Tuesday, September 15, 2009

Building an Empire

Close behind my love of gardening is my need to build things with wood. Although our new apartment came with a lovely deck already in place I can always find ways to improve it. My first task was to design and build a work/potting bench and some seating. Simple you'd think, but made complicated by the fact that this entire row of buildings were built at an angle to the street. We'd already run into the fun that comes of trying to build square fixtures in a house without any right angles. A similar issue exist on the deck so it took several days of measuring and calculating angles to get the plans in place. Fortunately we live right across the street from a large building centre so carrying all the supplies home is a breeze and multiple trips are no hardship. In a couple days I had built a solid work bench and a cozy corner seating bench. I left the space under the work bench as storage for the green bin, compost and recycling bins and lined it with styrofoam to block the odors associated with them. In the winter it will make a good sheltered place for plants that need to winter over outside in pots. Under the seating bench is more storage for coolers and gardening supplies.

With that finished it was on to the next project- a clothesline! I have had a clothesline at every apartment I've lived at in Toronto and consider them to be an absolute necessity. Although we actually own a dryer it rarely gets used, for both financial and practical reasons- running a dryer in an apartment especially one without air conditioning is expensive and masochistic. I prefer to line dry everything, even in winter, and find that it also increases the lifespan of our clothing. not to mention the smell of line dried bedding beats fabric softeners any day!

Saturday, September 12, 2009

Spring 2009- the beginnings of a garden!

As soon as it was warm enough I was outside digging in the dirt. Our downstairs neighbours have previously done a bit of gardening and the landlord provided them with some topsoil but it didn't take long to realize that it was a very shallow layer on top of the previous gravel parking spot- shades of my former back yard...Using the piles of old bricks that seem to come with every yard space in Toronto, I extended the previous garden by another 10 feet and began to scrounge for good soil to fill it in with. I hadn't been able to bring much compost from our previous place so I had to get resourceful. First stop - Environmental Days sponsored by the city! Every year they dump huge piles of leaf compost free for the taking at various spots around the city. Leaf compost is not ideal nutrient-wise but it's free and it adds bulk to sandy soil. At some locations there's a line-up to get to the pile and fill your wagon /bundlebuggy/ garbage bags. This year I even saw people wheel up their huge recycling bins on wheels and I was jealous that we didn't have one yet. Never the less my friend and I filled multiple garbage bags and loaded them in a borrowed vehicle. Next stop was the High Park Zoo! There we managed to score some 'zoo poo'- slightly smelly and mixed with bedding straw but a great start to the new composter I had built in the yard. Still needing more I was forced to purchase some bags of 3 way mix and manure to get about 4 inches worth of decent soil. It was a beginning.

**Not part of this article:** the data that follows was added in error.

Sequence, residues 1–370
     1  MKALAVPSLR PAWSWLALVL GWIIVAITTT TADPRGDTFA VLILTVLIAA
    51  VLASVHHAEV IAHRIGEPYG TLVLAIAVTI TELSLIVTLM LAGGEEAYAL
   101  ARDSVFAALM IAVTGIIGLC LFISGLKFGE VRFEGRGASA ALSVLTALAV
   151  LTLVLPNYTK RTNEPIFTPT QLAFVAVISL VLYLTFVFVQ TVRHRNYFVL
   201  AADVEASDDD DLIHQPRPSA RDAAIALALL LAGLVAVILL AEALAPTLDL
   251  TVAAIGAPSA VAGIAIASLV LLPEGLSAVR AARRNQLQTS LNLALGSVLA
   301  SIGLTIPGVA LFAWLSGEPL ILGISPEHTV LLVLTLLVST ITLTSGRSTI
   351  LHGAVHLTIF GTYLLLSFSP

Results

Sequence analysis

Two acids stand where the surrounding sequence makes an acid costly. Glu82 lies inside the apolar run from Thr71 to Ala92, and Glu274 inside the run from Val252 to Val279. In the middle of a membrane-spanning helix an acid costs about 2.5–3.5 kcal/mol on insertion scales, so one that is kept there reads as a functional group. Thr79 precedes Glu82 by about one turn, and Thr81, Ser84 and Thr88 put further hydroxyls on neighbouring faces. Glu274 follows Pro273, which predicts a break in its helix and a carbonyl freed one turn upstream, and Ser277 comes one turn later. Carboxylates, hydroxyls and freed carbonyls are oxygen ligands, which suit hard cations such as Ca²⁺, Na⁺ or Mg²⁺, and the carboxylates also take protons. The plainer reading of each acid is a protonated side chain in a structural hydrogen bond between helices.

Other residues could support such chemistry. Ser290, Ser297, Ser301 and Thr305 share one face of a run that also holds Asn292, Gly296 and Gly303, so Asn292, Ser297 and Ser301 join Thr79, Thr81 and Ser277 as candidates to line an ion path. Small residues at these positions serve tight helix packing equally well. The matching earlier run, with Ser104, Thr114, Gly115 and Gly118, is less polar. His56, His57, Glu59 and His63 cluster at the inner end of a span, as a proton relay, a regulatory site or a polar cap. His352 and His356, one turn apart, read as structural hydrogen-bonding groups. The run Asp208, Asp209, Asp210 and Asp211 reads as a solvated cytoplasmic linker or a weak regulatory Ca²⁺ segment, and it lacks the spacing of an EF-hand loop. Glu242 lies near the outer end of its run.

Outside the garden was already stirring- the magenta violets survived and a few bulbs from a previous tenant emerged. The best news was a large patch of rhubarb appeared near the base of the sumach tree, in a spot hat I hadn't dug up thankfully! Inside my lovely sunporch the seedling trays and wintered over plants were happily doing their thing until the weather warmed up. With the wall of south-facing windows basking everything in hours of sunlight, I was astonished to see how well everything did inside this winter- my former space was lacking in both light and heat so growing seedlings was a challenge and I lost many plants every previous winter. You can imagine my surprise when a morning glory not only grew but flowered inside in April. I even sprouted an accidental tomato in January that was looking lovely and healthy until someone opened a window and it got frost nipped. it was a long spring this year so although I was able to set trays and pots outside often in April, some of them got nipped and nothing went into the ground until well into May. Which left me time to work on other projects - like building things!